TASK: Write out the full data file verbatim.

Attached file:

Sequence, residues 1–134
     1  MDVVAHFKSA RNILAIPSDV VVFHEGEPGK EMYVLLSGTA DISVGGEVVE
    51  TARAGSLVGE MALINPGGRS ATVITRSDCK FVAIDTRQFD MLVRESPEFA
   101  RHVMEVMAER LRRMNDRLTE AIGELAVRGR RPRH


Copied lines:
Sequence, residues 1–134
     1  MDVVAHFKSA RNILAIPSDV VVFHEGEPGK EMYVLLSGTA DISVGGEVVE
    51  TARAGSLVGE MALINPGGRS ATVITRSDCK FVAIDTRQFD MLVRESPEFA
   101  RHVMEVMAER LRRMNDRLTE AIGELAVRGR RPRH